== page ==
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Calculate your costs before tackling mung bean grub problems

Continued from last week, looking at the control methods for helicoverpa grubs in mung bean crops.

USING insecticides as the singular control method only in the reproductive stage makes me nervous, especially when crop expectations and prices are quite solid. So my preferred spot for application is in the vegetative stage, when it appears the helicoverpa consume adequate lethal quantities of these handy biologicals.

Used with conventional companion products is fine, but I suggest not using them on their own in our R stage of growth.

The big decision, of course, is when you hit the go button for spraying.

In other words, the threshold level where damage caused is losing you money and I refer to the plants' reproductive time here.

Our researchers have done a great job isolating and explaining compensatory effects and cost benefit ratios and this knowledge is great to have compared to 12 or 15 years ago, when we were doing an awful lot of extrapolating on damaging grub numbers in our mung bean crops.

I also suspect that the advent or wholesale usage of Transgenic cotton in these big cotton acreage years is acting like a big sink hole or vacuum cleaner for moths laying eggs, with considerably fewer numbers emerging from this fibre crop. As did our recent early sorghum crops with their short flurry of heliothis activity in many areas, which was controlled by the NPV product.

So let's examine our thresholds for mungs with less extrapolation than previous years. Most of our thresholds are based on 35kg/ha of damage/ loss per larvae in a square metre.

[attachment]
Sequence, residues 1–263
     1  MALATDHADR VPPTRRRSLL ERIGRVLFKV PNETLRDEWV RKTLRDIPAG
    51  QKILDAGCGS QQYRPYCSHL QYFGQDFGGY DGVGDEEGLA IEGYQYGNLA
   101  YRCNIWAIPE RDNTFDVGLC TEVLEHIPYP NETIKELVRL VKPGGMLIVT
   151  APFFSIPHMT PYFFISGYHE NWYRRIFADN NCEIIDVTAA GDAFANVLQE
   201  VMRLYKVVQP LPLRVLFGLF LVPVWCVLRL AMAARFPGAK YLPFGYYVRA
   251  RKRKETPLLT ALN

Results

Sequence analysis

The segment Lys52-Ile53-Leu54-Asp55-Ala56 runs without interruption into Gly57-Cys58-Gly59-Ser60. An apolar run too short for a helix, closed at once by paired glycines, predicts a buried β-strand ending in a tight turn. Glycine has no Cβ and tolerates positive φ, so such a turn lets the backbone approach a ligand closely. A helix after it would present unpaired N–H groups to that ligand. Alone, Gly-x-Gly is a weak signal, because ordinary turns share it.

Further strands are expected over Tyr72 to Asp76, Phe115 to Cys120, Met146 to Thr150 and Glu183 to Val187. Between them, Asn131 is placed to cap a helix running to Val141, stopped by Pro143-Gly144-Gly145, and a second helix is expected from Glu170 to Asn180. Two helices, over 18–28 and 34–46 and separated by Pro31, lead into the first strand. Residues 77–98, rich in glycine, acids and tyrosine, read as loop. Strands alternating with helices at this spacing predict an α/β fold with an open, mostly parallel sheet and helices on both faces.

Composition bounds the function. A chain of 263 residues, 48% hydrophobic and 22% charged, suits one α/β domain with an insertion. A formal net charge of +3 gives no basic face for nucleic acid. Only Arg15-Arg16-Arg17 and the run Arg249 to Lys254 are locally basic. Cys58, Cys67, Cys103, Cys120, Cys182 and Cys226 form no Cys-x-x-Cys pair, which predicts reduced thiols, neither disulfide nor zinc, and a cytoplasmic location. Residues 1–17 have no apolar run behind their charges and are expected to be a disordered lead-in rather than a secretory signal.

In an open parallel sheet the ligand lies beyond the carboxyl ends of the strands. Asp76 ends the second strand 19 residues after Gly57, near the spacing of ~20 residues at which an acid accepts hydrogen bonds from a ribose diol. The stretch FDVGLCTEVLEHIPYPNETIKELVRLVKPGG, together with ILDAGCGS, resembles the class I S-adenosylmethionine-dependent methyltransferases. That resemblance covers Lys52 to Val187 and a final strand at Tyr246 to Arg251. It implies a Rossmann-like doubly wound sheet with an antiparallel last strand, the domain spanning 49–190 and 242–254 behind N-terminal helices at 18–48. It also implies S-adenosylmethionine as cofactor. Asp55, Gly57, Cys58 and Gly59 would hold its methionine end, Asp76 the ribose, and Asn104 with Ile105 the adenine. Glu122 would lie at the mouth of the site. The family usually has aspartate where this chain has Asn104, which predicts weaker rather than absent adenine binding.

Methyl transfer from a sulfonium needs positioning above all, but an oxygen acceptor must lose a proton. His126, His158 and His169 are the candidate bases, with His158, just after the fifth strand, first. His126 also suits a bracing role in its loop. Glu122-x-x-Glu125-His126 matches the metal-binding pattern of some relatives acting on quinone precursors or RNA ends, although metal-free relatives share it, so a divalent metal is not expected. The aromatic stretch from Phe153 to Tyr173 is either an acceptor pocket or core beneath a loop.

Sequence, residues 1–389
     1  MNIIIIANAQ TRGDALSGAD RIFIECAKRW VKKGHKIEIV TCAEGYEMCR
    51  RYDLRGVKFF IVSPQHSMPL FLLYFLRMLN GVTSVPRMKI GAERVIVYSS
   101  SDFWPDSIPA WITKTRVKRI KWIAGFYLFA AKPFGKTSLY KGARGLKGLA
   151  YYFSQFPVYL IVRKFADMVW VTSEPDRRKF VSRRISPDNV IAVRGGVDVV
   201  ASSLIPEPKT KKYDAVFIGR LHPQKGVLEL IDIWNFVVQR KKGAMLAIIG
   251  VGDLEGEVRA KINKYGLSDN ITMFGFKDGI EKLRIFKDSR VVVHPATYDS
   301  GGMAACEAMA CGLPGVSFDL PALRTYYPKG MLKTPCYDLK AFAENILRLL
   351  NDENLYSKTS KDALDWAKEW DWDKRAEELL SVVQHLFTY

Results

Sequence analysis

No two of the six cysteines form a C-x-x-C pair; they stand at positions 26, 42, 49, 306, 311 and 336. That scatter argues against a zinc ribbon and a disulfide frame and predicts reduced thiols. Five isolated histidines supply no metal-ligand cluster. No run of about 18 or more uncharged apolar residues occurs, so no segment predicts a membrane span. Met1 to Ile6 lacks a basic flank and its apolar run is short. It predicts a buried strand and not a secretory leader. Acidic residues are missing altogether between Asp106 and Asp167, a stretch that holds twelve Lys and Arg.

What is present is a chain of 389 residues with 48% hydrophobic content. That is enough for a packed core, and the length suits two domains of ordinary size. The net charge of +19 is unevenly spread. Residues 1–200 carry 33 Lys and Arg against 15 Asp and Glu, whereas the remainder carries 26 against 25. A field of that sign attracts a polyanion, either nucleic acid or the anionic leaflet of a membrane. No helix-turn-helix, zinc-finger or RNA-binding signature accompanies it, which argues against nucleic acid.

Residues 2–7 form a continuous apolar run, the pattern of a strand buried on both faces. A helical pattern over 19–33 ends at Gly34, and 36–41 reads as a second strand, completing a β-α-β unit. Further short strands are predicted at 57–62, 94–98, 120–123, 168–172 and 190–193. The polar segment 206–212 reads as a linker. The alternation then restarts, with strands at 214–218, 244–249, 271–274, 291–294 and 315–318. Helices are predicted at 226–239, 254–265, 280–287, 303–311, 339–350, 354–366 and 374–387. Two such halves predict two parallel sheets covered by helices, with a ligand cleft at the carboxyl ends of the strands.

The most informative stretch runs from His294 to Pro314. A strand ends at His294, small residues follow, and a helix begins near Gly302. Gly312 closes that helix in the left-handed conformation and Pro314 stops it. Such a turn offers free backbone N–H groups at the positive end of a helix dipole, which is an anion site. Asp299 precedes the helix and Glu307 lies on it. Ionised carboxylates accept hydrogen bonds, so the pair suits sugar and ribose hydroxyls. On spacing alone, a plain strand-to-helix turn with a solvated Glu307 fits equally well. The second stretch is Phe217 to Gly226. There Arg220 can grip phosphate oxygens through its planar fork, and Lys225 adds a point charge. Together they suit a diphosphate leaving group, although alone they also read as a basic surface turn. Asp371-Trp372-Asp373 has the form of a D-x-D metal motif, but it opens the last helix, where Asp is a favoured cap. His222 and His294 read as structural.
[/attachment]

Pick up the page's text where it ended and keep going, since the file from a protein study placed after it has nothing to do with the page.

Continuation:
In a hectare of mungs at pod fill time, if you have two heliothis grubs in every square metre of the 10,000 square metres in your hectare, you would have 20,000 grubs.

This level of larval activity can damage or consume a total of 70kg in this hectare of mung bean, which this year at $700 per tonne could have a lost value of $50.

So when you calculate the cost of spraying these eating machines at $40 per ha applied, you can get fairly close to creating an acceptable threshold with your running costs and insecticide costs and then factor in the expected price for your crop.

Then you need to take into account crop size (as in dry matter), plus the soil moisture levels propelling a high yielding situation with obvious increased crop compensation from early heliothis losses.

So there is a fair degree of assessment in deciding to spray your mung bean crop and it always helps to be able to electronically access The Beat Sheet Blog by the DPI.

Topics:  biosecurity, mung beans, paul mcintosh


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